Friday, November 11, 2011

Werner Herzog bounces back with crime/ punishment investigation INTO THE ABYSS

After his off-and-on-the-mark, earliest-paintings documentary, Cave of Forgotten Dreams, in which one of the world's most interesting documentarians, Werner Herzog, explored Chauvet Cave (in 3-D, yet!) but seemed to get a little drunk on his own, somewhat pompous, narration, the man is back with one of the most humane, far-reaching movies in some time. INTO THE ABYSS explores capital punishment from several angles -- that of the victim of the state, his earlier victims, and the relatives of both. As it moves inward to probe the thoughts and feelings of all these people, the movie simultaneously expands outward until it embraces our society at large. What it (and what you) will make of this is something sad and profound and not a little disturbing -- and yet, surprise of surprises, it is not judgmental.

Herzog himself (shown at right) goes on record upfront by telling us and his interviewees that he is against capital punishment. But then he simply interviews, asking each person thoughtful, germane questions without any attitude attached. Consequently, the answers come back as genuine and real -- except in the case of the young man about to be executed (Michael Perry, below), who never appears to have grown up enough to accept anything approaching responsibility. Is he mentally challenged? A sociopath?  W can't know from what we see here, nor, I think, does the filmmaker believe that it matters much.

Into the Abyss is the third film (that I've seen; there may have more even more) in nearly as many weeks to implicate, if not indict, its location -- our formerly Bush-led and now Perry-ized state of Texas (Incendiary and Texas Killing Fields were the other two). Seeing these three films in fairly quick succession (two are docs, one is narrative based on a real tale) cannot help but make one wonder what is (and isn't) going on there that should (or should not) be. When, suddenly, we are confronted with the fact that one of the adults we're listening to was illiterate at the time of which he speaks, it comes as the kind of shock, the ramifications of which seem to expand exponentially.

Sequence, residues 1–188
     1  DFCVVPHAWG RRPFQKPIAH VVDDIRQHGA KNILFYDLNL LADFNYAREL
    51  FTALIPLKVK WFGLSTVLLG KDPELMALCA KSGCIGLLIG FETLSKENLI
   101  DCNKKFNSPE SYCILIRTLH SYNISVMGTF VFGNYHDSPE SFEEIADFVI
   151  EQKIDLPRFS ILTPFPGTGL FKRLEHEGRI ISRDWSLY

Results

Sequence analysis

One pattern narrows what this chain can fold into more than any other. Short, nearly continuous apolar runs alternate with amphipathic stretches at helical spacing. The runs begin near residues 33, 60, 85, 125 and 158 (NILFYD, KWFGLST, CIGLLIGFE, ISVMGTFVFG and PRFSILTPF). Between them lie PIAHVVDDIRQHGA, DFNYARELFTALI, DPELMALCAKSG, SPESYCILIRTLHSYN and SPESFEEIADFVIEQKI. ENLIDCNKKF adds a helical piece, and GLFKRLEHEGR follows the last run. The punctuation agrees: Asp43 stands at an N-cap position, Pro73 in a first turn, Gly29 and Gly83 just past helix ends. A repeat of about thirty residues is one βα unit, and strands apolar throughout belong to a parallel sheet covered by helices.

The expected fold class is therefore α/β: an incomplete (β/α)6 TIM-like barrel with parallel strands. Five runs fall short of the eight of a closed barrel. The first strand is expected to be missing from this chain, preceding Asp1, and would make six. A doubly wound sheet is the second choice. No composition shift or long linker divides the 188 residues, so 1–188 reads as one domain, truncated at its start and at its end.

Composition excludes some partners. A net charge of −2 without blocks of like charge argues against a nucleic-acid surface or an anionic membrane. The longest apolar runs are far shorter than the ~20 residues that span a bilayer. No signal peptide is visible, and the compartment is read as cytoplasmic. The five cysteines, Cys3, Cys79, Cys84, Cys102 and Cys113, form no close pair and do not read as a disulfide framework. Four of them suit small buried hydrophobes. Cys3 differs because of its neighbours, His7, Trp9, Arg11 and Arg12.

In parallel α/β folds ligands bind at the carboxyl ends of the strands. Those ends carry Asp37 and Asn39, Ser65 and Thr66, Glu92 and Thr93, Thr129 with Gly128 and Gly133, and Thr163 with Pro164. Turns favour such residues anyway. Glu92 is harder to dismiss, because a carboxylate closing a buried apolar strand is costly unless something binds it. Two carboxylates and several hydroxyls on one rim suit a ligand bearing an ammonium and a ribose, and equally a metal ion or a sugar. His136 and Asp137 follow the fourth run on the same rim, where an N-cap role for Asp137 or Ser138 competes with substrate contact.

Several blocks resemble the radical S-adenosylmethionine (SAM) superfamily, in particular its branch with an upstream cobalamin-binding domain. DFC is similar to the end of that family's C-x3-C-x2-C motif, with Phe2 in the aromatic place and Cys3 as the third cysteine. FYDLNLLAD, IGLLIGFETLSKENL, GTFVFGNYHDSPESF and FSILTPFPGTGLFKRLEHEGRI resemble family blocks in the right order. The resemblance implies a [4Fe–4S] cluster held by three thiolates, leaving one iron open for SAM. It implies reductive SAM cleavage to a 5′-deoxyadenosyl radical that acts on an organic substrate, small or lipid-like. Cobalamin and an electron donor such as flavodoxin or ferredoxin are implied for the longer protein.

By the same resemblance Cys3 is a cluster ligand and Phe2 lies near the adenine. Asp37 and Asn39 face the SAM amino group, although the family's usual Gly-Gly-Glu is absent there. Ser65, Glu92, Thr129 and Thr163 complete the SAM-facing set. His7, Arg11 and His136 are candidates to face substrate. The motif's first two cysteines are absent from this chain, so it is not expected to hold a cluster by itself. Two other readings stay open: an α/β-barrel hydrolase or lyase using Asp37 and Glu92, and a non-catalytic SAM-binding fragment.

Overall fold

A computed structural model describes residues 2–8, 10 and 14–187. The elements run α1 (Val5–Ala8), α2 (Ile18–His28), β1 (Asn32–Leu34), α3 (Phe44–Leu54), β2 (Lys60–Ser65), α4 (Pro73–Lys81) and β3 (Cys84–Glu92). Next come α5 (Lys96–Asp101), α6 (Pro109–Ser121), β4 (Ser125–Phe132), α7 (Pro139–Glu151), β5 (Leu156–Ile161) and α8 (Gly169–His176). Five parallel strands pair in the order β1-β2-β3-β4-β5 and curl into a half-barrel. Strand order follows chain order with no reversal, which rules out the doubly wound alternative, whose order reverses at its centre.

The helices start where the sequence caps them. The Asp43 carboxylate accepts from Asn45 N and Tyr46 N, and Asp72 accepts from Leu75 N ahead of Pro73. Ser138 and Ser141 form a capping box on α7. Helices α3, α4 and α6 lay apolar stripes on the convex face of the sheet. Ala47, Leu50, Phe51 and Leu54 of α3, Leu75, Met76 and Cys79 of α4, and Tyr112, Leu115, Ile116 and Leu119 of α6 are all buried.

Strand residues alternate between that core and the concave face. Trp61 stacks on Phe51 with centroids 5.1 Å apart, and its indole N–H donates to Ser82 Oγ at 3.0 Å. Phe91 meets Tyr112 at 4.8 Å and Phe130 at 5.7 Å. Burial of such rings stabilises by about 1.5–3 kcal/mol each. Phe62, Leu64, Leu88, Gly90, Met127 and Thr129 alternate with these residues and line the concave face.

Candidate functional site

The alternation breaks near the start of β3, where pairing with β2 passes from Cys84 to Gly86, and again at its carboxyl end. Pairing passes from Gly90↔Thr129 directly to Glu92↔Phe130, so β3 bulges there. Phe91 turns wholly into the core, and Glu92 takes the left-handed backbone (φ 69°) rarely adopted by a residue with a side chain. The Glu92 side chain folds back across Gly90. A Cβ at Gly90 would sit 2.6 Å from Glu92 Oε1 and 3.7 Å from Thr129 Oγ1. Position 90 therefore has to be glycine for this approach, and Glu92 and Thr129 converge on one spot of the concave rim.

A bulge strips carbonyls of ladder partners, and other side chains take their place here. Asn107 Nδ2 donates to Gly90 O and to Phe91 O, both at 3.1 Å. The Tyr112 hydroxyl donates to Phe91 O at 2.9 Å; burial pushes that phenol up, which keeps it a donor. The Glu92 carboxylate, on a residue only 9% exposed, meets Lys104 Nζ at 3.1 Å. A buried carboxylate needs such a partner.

With the exception of the late Mr. Perry, the other characters seem genuinely to believe what they are telling us -- from the father of one of the killers (himself imprisoned, above), who gives by far the most moving testimony, to his son's wife, who began one of those long-distance letter-writing correspondences and is now married to the murderer.

That this young man (Jason Delbert, below) is unable to be paroled until he hits around 60 years of age seems to daunt no one.

Via the families of the boy's victims, one of whom is shown below, we also get both more and less than we might have imagined: more specifics, more depth but less anger.

Unlike the bizarre connections he insisted on making in "Cave," here Herzog is content to simply give us information and let us work it into what we will: for instance, what happened to the red Camaro, below, that appears to have been the motive behind the initial killings.

Even the executioner (below, if you can call him that: he's a tool of the state) manages to make what happens seems almost humane. Yet it is clearly not. So much so, in fact, that the man himself must eventually give up his job -- and at what a cost!

I don't think Into the Abyss will turn many people against (or for that matter, pro) capital punishment. But it will make them think, feel and then think again. Even-handed in the very best way by giving us nothing more nor less than humanity itself, the movie -- 106 minutes, from Sundance Selects -- begins its limited theatrical run today, Friday, November 11, after making its NYC debut as the opening night attraction of DOC-NYC.

In New York City you can catch it at the Lincoln Plaza Cinema and the IFC Center. In Los Angeles, see it at The Landmark, and note that tomorrow, November 12, Herr Herzog himself will appear in person at the 7:20 and 10pm screenings of that L.A. theater.

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